Creating Knowledge Networks between Academic Institutions and Industry
We need knowledge networks to bridge the demands for skilled engineers and lack thereof.
National Institute of Technical Teachers Training & Research (NITTTR) trains teachers of technical institutions, like polytechnics and engineering colleges, in North India. The institute invited me for a talk on creating knowledge networks between educational institutions and industries. The article is an edited version of the speech.
About a million engineering students graduate every year in India. But only 20% of them have technical skills to get a job. Since India is focusing on building digital India, engineering jobs are on the rise. India can bridge the increasing demands and lack of skilled engineers by forming a strong partnership between academic institutions and industry. One specific partnership is building a knowledge network between academia and industry.
Before we go into the nuances of building a knowledge network, let us see what a network is.
A network is “Nurturing mutually beneficial relationship.” Don’t see people within your network as inanimate objects. As humans, we have the innate desire to help and to get help. So look at others as humans and start building a relationship with them.
Academia and corporates remember each other only during the placement season, which is transactional thinking. Instead, nurture the ties throughout the year, as you would nurture a plant.
Knowledge Network is …
Now that we understand networks let us move to Knowledge Network. Knowledge Network is a specialized form of the network formed to develop, distribute, and apply knowledge. How can you build knowledge? Only when people come together from across boundaries. When you bring men and women from across geographies and streams of practice, you form a vibrant knowledge network whose wells will never dry. Everybody in the network should contribute to the body of knowledge as much as they take from the network. Only then the network will continue to thrive. If everyone looks after themselves and not the benefit of others, that network will wither away soon.
Archeological excavations have proved that Indians were far ahead in scientific thinking. We have used sophisticated tools as early as 1.5 million years ago. So what is hindering our progress? We box our people and knowledge. We don’t reach out across the boundaries. The reason for the tremendous growth in the developed nations is the sharing of knowledge and collaborating for mutual benefit.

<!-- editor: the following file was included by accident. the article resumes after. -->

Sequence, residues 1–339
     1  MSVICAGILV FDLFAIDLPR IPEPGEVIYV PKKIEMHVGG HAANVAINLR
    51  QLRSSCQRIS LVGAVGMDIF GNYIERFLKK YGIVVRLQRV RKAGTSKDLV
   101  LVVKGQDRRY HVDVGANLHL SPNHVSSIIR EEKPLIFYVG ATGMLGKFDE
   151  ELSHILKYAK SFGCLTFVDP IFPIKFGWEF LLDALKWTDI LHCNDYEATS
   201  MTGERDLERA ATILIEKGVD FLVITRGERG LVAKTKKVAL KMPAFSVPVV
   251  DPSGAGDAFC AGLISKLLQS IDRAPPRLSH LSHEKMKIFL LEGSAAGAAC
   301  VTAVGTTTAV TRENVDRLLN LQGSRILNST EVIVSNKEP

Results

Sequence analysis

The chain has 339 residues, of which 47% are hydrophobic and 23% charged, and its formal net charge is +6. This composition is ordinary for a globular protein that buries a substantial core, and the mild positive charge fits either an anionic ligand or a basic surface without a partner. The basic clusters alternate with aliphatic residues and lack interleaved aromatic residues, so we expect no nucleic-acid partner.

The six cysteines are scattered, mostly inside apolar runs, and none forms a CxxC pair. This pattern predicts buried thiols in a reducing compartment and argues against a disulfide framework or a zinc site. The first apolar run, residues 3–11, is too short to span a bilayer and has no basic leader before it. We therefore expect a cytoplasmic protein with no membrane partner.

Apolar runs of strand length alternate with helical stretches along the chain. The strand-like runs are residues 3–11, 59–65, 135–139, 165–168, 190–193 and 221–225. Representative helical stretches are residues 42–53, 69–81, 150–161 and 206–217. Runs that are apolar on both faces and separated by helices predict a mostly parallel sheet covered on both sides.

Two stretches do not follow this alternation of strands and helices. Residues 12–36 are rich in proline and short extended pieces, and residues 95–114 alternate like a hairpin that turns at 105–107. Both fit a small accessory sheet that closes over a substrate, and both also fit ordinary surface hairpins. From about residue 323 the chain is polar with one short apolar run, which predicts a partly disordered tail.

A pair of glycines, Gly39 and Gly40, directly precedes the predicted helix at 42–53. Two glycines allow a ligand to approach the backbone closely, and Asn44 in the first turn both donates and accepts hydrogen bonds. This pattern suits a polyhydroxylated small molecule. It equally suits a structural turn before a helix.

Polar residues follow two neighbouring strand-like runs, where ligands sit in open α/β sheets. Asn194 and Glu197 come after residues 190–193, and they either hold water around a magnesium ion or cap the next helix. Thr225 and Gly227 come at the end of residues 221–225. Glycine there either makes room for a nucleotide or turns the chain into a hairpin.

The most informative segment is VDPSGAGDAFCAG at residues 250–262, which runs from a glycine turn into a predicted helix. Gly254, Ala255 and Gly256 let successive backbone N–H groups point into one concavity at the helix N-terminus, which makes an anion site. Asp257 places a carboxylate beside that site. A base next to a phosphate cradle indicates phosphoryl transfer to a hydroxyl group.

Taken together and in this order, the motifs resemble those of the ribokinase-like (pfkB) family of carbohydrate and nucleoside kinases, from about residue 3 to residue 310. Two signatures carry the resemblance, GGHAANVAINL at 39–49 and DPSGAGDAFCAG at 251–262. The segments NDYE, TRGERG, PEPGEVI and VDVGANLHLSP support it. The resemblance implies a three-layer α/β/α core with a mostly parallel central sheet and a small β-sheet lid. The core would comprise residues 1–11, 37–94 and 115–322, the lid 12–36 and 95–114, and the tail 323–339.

Build a flywheel for success
What are the ingredients of a successful knowledge network? Every successful knowledge network is made of people, processes, and tools. All three have to work in tandem to create a knowledge network beneficial to all its participants.
When all three components work in unison, the network forms a positive feedback loop, attracting more people who bring new tools into the network.
If you are starting to build such a network, start with people. Without people, a system with process and tools is only a skeleton. People bring life into the network.
People in Knowledge Network
For a knowledge network for an academic institution, there has to be a collaboration between industry, other educational institutions, Government organizations, and students.
What is the role of the Government in the knowledge network? A significant role. They form the policy and lay the stones for a thriving ecosystem in which we can build a knowledge network. If successive governments have not played a role in bringing the Internet to every corner of this country at a cheaper rate, we won’t meet today via online tools.
While industry experts bring in specialized knowledge, your alumni know your institution well, especially the recent graduates. They remember your institution’s strengths and weaknesses. Bring them into the network and nurture the relationship. As they grow in their job, they will help other students.
Coordinators play a crucial role in building any network. They are the conduits between all the interested parties. So it is vital to get an energetic and optimistic person as a coordinator.
Everyone within the network should be willing to share their expertise, support each other grow, and interested in building the network.